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I have a question about combining java with javascript. In our application we have gui build in javascript and server side build in java. In javascript we write that we want to call methodX from classY in java. The problem is that java doesen't know anything about javascript so when we change something in java we could break javascript code. Even plain refactor option in eclipse can break our javascript without knowing (changing method name, removing params, renaming setter and getter in DTO object). The question is how to counteract against it. I was thinking about writing some annotations in java so after changing method signature you will get compilation error (is it even possible to write this kind of annotation) but I don't want to reinvent the wheel again if there is some kind of tool which will do it for me. I would be grateful for any help.

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Changing your signature in JAVA cannot refactor your JavaScript code. Because JavaScript just invoke Java method (as a service). You need to manually change them. Imagine Java methods are created by third party and you are trying to consume their service using JavaScript. So if they change their signature you need to modify. Or what you can do, overload the methods if the previous methods are required/ or consumed by JavaScript –  asifsid88 Feb 21 '13 at 7:21
    
I know that changing java doesn't change javascript. I want something that will show compilation error when someone tries to change method(class) signature in java (for example compared to some signature defined in annotation or somewhere else) so he will see that something is wrong. Now we know that something is wrong when we run javascript function. In java everything is ok. –  user1307657 Feb 21 '13 at 10:28
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2 Answers

up vote 0 down vote accepted

The question is how to counteract against it.

Probably the most practical solution is to develop a set of automated tests (e.g. unit or system tests) that are specifically designed to "exercise" all of the cases where there is a Java API that is called from Javascript (or vice-versa)

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I though about it and if no one knows any better way we probably use it. –  user1307657 Feb 21 '13 at 10:29
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I think there are a couple of solutions(workarounds) for your problem.

1)Mapping certain strings with methods.

public class JavascriptCallable {

private static final String jsIdentifierMethod1 = "method1";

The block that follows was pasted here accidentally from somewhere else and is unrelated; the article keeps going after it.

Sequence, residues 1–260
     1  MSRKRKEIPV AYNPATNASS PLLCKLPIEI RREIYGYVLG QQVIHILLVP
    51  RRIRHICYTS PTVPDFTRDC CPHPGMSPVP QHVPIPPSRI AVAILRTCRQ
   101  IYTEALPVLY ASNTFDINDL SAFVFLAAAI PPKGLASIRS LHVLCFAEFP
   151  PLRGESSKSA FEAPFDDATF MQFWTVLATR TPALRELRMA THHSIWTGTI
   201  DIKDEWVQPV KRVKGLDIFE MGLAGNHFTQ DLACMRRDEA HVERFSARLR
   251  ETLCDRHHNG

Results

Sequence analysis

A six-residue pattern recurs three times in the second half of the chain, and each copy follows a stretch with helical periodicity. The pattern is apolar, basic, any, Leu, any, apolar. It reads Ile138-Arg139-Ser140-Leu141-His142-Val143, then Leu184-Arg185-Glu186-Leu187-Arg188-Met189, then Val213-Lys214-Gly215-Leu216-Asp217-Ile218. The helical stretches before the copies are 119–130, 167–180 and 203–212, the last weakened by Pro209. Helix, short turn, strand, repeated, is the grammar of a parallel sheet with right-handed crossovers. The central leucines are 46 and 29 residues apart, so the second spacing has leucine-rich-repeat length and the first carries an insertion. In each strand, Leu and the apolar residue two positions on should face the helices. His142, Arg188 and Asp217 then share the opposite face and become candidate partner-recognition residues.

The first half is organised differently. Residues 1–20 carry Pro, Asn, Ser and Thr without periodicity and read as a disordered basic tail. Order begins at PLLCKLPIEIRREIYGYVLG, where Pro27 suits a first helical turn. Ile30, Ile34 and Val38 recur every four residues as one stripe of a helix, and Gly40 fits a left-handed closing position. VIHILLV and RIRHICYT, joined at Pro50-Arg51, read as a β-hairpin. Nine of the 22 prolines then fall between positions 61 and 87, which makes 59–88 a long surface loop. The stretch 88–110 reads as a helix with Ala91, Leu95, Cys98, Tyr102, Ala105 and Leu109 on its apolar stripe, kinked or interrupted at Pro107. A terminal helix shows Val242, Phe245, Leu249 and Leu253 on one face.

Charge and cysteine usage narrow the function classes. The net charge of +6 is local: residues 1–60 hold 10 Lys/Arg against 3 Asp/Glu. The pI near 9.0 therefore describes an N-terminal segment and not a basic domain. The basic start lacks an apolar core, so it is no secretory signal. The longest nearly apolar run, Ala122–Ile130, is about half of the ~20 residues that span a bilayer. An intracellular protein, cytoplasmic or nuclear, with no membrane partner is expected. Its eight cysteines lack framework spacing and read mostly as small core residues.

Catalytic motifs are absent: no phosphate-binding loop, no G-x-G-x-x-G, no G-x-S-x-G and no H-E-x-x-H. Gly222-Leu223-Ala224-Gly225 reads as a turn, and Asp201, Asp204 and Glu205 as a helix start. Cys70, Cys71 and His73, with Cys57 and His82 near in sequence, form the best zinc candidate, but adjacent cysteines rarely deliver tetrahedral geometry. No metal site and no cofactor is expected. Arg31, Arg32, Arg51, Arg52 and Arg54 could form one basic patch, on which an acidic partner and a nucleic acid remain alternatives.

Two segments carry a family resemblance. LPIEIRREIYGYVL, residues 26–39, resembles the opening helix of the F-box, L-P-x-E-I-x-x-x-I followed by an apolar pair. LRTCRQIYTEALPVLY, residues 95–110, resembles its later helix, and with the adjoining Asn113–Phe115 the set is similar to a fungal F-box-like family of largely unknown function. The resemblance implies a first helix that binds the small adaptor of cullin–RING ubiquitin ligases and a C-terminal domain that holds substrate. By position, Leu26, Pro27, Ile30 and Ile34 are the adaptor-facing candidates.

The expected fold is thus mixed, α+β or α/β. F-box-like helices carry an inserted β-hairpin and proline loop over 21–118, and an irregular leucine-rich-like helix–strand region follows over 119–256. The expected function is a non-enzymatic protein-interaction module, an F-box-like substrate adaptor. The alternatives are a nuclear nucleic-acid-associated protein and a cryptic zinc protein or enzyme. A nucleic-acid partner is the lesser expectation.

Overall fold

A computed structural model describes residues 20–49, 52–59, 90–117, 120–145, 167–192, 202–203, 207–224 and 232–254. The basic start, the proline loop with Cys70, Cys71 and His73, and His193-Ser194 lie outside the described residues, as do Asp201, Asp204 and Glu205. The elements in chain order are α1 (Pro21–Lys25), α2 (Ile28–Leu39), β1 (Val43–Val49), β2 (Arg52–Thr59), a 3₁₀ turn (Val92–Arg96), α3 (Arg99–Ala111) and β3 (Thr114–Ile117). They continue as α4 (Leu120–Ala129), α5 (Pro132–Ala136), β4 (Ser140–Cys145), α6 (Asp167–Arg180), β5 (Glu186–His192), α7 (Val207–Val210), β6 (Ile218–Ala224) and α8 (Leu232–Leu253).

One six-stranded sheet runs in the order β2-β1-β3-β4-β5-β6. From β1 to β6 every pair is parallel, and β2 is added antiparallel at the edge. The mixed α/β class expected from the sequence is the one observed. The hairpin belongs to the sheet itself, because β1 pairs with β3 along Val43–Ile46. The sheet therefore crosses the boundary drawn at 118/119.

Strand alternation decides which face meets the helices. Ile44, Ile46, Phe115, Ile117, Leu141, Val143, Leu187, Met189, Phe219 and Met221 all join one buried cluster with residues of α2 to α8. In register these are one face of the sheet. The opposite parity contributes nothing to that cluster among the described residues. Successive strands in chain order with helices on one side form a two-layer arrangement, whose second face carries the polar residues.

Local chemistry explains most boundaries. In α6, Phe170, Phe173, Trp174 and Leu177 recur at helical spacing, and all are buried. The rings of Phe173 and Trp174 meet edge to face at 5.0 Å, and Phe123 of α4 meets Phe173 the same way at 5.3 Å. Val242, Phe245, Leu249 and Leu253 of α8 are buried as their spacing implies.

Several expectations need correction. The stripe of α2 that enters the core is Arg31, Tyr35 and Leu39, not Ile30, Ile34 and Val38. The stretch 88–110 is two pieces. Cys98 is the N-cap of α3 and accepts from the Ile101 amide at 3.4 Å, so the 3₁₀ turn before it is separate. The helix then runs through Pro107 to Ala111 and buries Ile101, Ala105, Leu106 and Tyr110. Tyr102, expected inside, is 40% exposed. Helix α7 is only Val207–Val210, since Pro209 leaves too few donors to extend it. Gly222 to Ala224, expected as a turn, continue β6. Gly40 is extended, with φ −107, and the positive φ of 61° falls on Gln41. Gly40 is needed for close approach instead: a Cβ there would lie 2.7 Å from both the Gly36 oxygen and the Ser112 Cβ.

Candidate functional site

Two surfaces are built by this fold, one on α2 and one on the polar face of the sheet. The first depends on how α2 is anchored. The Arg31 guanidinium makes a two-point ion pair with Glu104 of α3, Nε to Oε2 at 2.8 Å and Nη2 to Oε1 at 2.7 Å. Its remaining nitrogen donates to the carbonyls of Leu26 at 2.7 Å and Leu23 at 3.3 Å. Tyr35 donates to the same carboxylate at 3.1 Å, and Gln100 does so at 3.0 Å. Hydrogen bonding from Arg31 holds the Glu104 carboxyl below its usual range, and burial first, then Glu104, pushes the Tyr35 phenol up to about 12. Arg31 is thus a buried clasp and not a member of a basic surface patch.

private static final String jsIdentifierMethod2 = "method2";


/**
 * All requests from JS should be redirected to this method.
 * 
 * @param methodName Name of the method
 */
public void requestFromJavascript (String methodName) throws Exception {

    if (methodName.equals(jsIdentifierMethod1)){
        method1();
    } else if (methodName.equals(jsIdentifierMethod2)){
        method2();
    } else{
        throw new Exception("Method not supported");
    }

}

public void method1(){
    // Do something
}

public void method2() {
    // Do something
}

}

2)Having separate methods eligible for js calling. This will help if you are using reflections to call the methods

public class JavascriptCallable {

/*----------------Methods to be called by js. Never refractor------------------*/

public void noRefractorMethod1() {
    method1();
}

public void noRefractorMethod2() {
    method2();
}

/*-------------------------------------------------------------------------------*/

/*---------Methods with business logic. Refractoring these will not mess your js-----------*/

public void method1() {
    // Business logic
}

public void method2() {
    // Business logic
}

/*-------------------------------------------------------------------------------*/

}

Please let me know if this helps.

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First workaround would be time consuming in our project and I don't like if-else sequence. The second option isn't good also. You write methods which are protected from refactoring only by comments so if someone don't see it he will change them anyway. For now automatic tests are the best solution I think. –  user1307657 Feb 25 '13 at 12:45
    
I didn't like the second option either. However if you notice it carefully all the methods eligible to be called from javascript starts with noRefractor. So one will the method name before refractoring. However I am not proud of this kind of solution. I will not defend the solution at all. By time consuming if you meant time consuming to execute, please explain how. I agree with if else sequence being a bad way of coding. I will think of an alternative (if possible for me) to avoid if else. –  Bikash Rath Feb 25 '13 at 14:44
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